Congratulations, you’re pregnant! So, are you having a boy or a girl. Everywhere you go, you’ll certainly be asked this question. Whether you decide to find out your baby’s gender as early as possible (hey, you may want to get a head start on choosing the right color paint for the nursery), or you decide to let your baby’s gender be a delivery day surprise, there are some facts and myths that can make the guessing game fun until you find out for sure.
Trust us, everyone from your mother to your prenatal yoga pals are going to weigh in on whether they think you’re carrying a boy or girl. So what are some of the common gender myths or wives tales. Read on! (Note: None of these myths are 100% accurate, but it sure is entertaining!)
Watch the Pendulum Swing
Hang a pendant over your belly or any small weighted item attached to a string, such as a ring. If it moves in a circular motion, a girl is on her way; if it swings back and forth, break out the blue booties.
Signs On Your Skin and Body
Labor & Delivery Yoga
Debunking Some Myths About Labor and Delivery
Healthy Snacks for Pregnant Women
7 Tips for Having a Better Birth
Myths About Morning Sickness
Breastfeeding Do’s and Don’ts
Does your skin look like it did during your teenage years. If you’re experiencing acne, as folklore has it, you’re carrying a girl. If you’re carrying extra weight out front, you have a little girl to thank for that. More around the hips and booty: Blame it on a boy. Carrying extra flesh in your face during your pregnancy (and really, who isn’t). Some say that fullness in the face means you’re having a girl. It’s all in the areolas, if they darken, it’s a boy. Feeling a little lopsided with the girls. If your left breast is larger than your right, it’s a girl. Looking all a-glow: Your little man can take credit for that. Looking a little less fabulous than usual: Thank you, baby girl.
It’s All in the Beat of the Heart
If the fetal heartbeat is above 140 beats per minute, you’re having a girl. Below 140, you’re having a boy.
Around conception, did your diet consist of mainly of salty foods and red meat. Hello, boy! If you ate a lot of sweets and calcium-rich foods around conception, you’re carrying a girl.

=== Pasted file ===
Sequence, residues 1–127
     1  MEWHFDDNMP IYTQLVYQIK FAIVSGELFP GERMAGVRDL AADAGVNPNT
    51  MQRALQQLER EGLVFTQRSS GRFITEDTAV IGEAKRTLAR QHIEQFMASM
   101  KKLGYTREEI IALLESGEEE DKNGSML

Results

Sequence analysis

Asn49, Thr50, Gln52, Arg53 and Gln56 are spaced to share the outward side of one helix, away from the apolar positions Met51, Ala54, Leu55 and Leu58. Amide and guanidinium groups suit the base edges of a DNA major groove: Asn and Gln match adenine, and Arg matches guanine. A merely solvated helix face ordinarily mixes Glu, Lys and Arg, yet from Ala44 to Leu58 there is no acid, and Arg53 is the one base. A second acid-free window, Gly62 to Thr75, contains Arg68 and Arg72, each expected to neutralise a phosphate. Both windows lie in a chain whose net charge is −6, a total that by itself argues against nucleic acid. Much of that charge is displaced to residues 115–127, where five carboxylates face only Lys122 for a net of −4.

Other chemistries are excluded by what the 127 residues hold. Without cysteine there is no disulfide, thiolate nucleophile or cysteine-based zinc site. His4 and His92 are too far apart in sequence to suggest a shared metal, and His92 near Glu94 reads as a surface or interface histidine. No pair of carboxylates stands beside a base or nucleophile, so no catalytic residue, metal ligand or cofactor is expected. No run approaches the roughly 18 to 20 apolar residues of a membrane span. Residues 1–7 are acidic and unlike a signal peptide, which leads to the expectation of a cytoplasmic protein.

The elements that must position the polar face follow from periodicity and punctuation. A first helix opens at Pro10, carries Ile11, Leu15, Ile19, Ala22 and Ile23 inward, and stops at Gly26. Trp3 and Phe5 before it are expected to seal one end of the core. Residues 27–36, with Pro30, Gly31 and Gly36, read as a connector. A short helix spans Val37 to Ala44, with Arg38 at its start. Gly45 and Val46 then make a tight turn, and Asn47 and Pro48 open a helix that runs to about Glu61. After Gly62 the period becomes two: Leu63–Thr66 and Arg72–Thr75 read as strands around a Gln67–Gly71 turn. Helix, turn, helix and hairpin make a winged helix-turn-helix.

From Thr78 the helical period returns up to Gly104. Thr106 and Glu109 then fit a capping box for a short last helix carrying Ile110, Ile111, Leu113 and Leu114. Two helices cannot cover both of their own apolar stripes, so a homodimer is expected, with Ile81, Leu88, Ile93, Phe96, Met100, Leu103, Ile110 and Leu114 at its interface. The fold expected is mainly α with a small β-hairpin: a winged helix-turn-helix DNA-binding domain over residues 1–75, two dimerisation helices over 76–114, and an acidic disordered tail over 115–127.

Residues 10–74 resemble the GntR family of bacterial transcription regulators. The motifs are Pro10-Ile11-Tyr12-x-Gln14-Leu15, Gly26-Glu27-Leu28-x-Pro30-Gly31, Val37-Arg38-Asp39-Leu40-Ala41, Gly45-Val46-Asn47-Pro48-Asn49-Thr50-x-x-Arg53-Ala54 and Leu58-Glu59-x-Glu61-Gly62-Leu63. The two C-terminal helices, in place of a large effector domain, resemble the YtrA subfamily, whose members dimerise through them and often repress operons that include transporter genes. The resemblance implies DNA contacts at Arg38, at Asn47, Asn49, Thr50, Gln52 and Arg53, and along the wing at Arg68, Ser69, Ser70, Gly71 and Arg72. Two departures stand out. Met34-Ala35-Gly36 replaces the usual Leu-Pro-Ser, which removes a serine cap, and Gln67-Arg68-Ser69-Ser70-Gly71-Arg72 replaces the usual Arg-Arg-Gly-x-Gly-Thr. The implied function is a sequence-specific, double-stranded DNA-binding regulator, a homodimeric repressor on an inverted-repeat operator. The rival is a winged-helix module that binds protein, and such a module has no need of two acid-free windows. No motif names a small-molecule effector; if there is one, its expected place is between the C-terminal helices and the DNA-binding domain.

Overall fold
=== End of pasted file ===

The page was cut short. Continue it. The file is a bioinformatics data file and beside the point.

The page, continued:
Didn’t have an orgasm during that fateful moment you conceived. (Darn.) Chances are you’re carrying a girl. Did you have sex right at ovulation. (You’re so on the ball with this fertility thing!) A bouncing baby boy just might be in store for you. Slipped in a little nookie 2-3 days before ovulation, and again two days after: You just might be tickled pink.
More Fun Myths
Carrying high: Hello, Loralei. Carrying low: Hello, Joe. Experiencing a lot of morning sickness early in your pregnancy: A girl just might be the culprit. Is the dad-to-be gaining weight right as your baby continues to grow: Like father, like son. Now if you’re the kind of pregnant woman who craves more facts that fiction, read on.
Okay, so maybe Aunt Millie believes she’s a master at predicting a baby’s gender, but how do you really know for sure whether you’re having a boy or a girl? Head to your doctor’s office!
At your 20-week visit to your OB/GYN, a routine ultrasound provides pictures of your baby, determining the gender with 95-100% accuracy. Although, there have been many cases where Mom and Dad still end up with something different than what they were expecting in the delivery room!
The purpose of this prenatal test (taken between weeks 16-18) is to check for genetic disorders and chromosomal abnormalities. Whew, heavy stuff. But hey, here’s the good news, it tells you the gender of your baby with 100% certainty!
More heavy stuff ahead: This test, chroionic villus sampling, checks for chromosomal abnormalities such as Down’s Syndrome or Trisomy 13. Ideally performed between weeks 11-12, it also can tell you your baby’s gender with 100% accuracy as well.
And when all else fails, simply tune into your body and `trust your intuition. What do you think you’re having! For more information about these tests, see ‘At What Week of Pregnancy Can You Tell if it’s a Girl or a Boy?’ (link is at the end of the article) or talk to your health practitioner.
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